Considering how mental health is being addressed in the church, she commented that locally there has been progress in Black church leaders coming to grips with understanding more about the fact that “mental health issues are real and there are people who are trained to deal with them beyond what pastoral care trains you to do.”
Jenkins-Hall noted that both she and Dr. LaDonna Butler had done a lot of work communicating the need for professional mental health treatment to local clergy. But she also acknowledged that the stigma in the church is not tied to one community and is found throughout the church as a whole.
“Religion says that your first reliance ought to be on God and faith, and the cause of issues of any kind, at its root, is sin. There are strong counseling approaches that are designed to see your issue as some type of sin issue. And therefore, the way we got diagnose it is the way we respond to it.”
Jenkins-Hall said this leads to an attitude of “if it’s a sin issue, we pray about.” This universal church-type response is one she’d like to see change.
She said she’d also like to see more conversation separating “mental health” from “mental illness” because that will allow for a model of health that aligns with how we look at physical health.
“You do things that keep your physical health [in order]: you eat right, you sleep right, you exercise, etc. So those things are good for your mental health as well. So, I want people to begin to think of their mental health in the same way that they do physical health, and in ways of actually preventing illness.”
Jenkins-Hall said this kind of “preventative” mental health care includes considering, addressing, and working towards improving the things that we can in our relationships and with our own habits before we get to the point that we’re “stressed beyond the point of being able to be to bounce back.”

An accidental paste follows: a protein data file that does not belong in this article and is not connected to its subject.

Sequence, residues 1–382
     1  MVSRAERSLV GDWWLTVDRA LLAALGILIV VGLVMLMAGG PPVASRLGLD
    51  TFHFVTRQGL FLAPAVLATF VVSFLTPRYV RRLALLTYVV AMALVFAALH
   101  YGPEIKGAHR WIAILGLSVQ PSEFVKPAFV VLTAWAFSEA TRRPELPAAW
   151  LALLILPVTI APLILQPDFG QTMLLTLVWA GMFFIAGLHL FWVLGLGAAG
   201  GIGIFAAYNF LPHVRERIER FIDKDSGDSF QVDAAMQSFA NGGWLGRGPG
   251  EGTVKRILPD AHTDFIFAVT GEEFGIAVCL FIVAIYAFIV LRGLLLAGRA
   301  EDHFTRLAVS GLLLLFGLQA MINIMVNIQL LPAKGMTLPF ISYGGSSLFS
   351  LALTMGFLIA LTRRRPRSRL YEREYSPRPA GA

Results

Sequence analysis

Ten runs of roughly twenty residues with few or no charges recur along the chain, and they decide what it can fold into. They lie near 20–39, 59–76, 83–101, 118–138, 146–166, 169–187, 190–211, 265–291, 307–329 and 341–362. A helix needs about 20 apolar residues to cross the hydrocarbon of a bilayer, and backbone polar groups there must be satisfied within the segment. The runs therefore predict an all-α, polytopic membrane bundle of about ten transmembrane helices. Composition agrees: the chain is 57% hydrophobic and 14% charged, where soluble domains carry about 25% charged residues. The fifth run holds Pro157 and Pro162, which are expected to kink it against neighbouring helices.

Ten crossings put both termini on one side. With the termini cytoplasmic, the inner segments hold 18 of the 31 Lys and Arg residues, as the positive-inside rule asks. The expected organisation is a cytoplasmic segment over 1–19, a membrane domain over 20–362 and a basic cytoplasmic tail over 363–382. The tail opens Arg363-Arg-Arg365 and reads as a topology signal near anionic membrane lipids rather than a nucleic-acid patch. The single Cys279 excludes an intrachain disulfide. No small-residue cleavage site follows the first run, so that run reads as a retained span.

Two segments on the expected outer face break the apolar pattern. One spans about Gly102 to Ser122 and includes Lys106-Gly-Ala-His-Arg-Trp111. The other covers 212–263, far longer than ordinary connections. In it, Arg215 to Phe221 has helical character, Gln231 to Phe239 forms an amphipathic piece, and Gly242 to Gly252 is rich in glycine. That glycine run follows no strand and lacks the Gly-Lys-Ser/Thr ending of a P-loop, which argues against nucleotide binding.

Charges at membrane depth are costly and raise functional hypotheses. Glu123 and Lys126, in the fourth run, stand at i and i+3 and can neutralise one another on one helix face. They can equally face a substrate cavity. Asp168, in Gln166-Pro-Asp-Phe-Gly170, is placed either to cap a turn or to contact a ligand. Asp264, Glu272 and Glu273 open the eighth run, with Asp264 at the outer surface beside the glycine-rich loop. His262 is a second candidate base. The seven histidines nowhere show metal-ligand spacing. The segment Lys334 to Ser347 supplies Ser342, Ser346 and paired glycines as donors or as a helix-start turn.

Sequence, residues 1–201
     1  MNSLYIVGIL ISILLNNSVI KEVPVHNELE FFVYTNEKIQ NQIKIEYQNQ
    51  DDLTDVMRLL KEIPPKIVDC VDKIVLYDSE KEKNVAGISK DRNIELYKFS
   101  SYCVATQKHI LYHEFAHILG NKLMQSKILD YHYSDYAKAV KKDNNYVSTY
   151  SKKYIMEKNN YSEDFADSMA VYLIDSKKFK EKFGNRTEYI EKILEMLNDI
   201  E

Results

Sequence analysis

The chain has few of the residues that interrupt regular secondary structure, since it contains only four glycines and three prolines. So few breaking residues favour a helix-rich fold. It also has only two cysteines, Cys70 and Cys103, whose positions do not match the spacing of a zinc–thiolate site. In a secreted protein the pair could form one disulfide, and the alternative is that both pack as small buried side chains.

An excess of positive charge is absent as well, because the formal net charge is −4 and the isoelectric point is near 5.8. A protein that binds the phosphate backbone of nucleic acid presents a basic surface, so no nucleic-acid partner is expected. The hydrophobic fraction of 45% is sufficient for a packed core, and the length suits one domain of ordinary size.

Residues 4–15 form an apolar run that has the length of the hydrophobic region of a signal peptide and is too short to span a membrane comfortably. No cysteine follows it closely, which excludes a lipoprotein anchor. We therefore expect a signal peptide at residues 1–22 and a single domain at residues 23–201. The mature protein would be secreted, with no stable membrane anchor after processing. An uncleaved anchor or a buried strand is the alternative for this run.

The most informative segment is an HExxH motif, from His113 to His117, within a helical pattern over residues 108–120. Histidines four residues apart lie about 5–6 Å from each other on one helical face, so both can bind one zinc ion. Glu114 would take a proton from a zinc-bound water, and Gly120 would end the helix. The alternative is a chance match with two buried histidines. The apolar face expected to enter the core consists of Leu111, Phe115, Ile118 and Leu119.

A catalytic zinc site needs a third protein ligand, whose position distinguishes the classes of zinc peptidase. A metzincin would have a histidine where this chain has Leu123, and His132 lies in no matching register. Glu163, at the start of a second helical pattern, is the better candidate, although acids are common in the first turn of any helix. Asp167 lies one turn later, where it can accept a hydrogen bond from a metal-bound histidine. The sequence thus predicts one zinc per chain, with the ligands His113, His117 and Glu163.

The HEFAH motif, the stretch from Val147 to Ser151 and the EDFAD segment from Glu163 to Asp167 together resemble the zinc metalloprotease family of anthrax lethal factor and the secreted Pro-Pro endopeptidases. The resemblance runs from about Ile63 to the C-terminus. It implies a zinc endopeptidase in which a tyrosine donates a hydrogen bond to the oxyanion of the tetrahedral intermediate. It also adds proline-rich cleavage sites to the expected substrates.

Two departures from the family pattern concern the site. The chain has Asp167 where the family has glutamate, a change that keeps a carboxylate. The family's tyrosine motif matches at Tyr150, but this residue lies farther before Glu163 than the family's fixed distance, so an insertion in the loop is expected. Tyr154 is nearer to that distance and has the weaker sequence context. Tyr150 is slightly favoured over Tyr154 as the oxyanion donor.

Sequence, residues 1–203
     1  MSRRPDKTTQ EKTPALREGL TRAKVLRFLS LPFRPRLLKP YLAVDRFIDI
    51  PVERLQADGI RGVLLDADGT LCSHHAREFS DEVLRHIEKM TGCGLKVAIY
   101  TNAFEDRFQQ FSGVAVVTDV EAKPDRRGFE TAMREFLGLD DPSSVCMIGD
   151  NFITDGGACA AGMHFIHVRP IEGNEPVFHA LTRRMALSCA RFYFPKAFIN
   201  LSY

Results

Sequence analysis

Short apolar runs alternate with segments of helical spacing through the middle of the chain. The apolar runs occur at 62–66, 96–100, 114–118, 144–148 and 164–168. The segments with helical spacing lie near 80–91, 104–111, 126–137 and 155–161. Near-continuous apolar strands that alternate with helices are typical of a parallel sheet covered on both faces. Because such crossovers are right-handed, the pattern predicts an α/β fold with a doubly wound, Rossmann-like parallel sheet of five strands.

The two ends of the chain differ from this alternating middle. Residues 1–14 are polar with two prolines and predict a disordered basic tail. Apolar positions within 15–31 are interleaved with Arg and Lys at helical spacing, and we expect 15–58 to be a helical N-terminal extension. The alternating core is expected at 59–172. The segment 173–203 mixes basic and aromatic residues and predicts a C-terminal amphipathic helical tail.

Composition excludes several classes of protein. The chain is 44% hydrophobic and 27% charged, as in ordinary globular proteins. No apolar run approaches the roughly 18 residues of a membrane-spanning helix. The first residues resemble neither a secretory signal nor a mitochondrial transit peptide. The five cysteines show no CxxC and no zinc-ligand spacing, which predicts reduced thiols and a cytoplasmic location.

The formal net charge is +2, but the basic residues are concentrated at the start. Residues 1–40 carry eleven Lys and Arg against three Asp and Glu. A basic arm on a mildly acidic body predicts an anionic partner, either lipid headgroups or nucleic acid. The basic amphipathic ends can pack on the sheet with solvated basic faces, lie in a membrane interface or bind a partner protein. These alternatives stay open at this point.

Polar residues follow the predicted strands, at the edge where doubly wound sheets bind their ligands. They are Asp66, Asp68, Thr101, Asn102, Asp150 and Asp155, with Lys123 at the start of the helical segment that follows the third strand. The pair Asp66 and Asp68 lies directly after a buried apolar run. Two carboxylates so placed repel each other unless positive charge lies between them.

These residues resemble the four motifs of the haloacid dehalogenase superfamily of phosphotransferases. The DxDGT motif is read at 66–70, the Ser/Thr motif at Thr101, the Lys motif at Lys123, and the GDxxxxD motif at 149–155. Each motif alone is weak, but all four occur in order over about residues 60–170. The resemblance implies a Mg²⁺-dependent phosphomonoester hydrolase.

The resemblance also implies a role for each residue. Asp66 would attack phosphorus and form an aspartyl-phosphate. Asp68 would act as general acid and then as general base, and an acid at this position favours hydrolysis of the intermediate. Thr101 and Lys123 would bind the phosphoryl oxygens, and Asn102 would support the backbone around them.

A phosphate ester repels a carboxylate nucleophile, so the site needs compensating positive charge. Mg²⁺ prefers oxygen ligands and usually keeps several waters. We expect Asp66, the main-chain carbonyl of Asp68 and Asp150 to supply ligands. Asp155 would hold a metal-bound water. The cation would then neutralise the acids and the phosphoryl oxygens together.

Additionally, Jenkins-Hall said she would like to see mental illness destigmatized in the same way physical illness is – but maybe even more successfully. The practitioner noted that people will still judge people with physical health conditions, such as diabetes – “You got that? You aren’t even that fat!” – and says that this lacks awareness that the condition is often genetic.
She noted that judgmental and inaccurate comments and advice are even greater when it comes to mental health.
“If I say I’m depressed, people will begin to minimize that: “Girl, you need to go shopping or give yourself a bubble bath” — minimizing the disorder when it [might be] a chemical imbalance. If so, it’s probably related to the lack of serotonin in your brain and your brain’s inability to produce that in a certain amount. And there are things that I can tell you to do behaviorally that will increase your brain’s production of certain hormones.” Sometimes, Dr. Jenkins-Hall noted, “a pill works as well, as a replacement of the hormone or chemical that’s missing.”
She feels people are less trusting of medicine for mental health because they “can’t see it working; so, people think you’re messing with their head or trying to drive them crazy.” While all medicine is not suitable for every person, Jenkins-Hall noted that “antidepressants are replacing something that your brain isn’t producing at the right amount. Just like insulin, for diabetics.”
If you’d like more information on Dr. Jenkins-Hall’s work with G.R.A.C.E., Greater Reach Alliance of Christian Counselors and Educators, or to reach out for counseling, call 813-220-3148.